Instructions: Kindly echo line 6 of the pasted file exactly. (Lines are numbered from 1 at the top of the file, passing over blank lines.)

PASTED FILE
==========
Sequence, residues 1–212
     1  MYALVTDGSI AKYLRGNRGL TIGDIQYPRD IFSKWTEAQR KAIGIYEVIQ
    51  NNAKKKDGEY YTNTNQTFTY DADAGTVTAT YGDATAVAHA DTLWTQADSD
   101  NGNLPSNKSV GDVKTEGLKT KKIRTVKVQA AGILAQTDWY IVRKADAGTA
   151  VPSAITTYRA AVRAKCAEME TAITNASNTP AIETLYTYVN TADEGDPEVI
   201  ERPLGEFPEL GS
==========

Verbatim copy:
   201  ERPLGEFPEL GS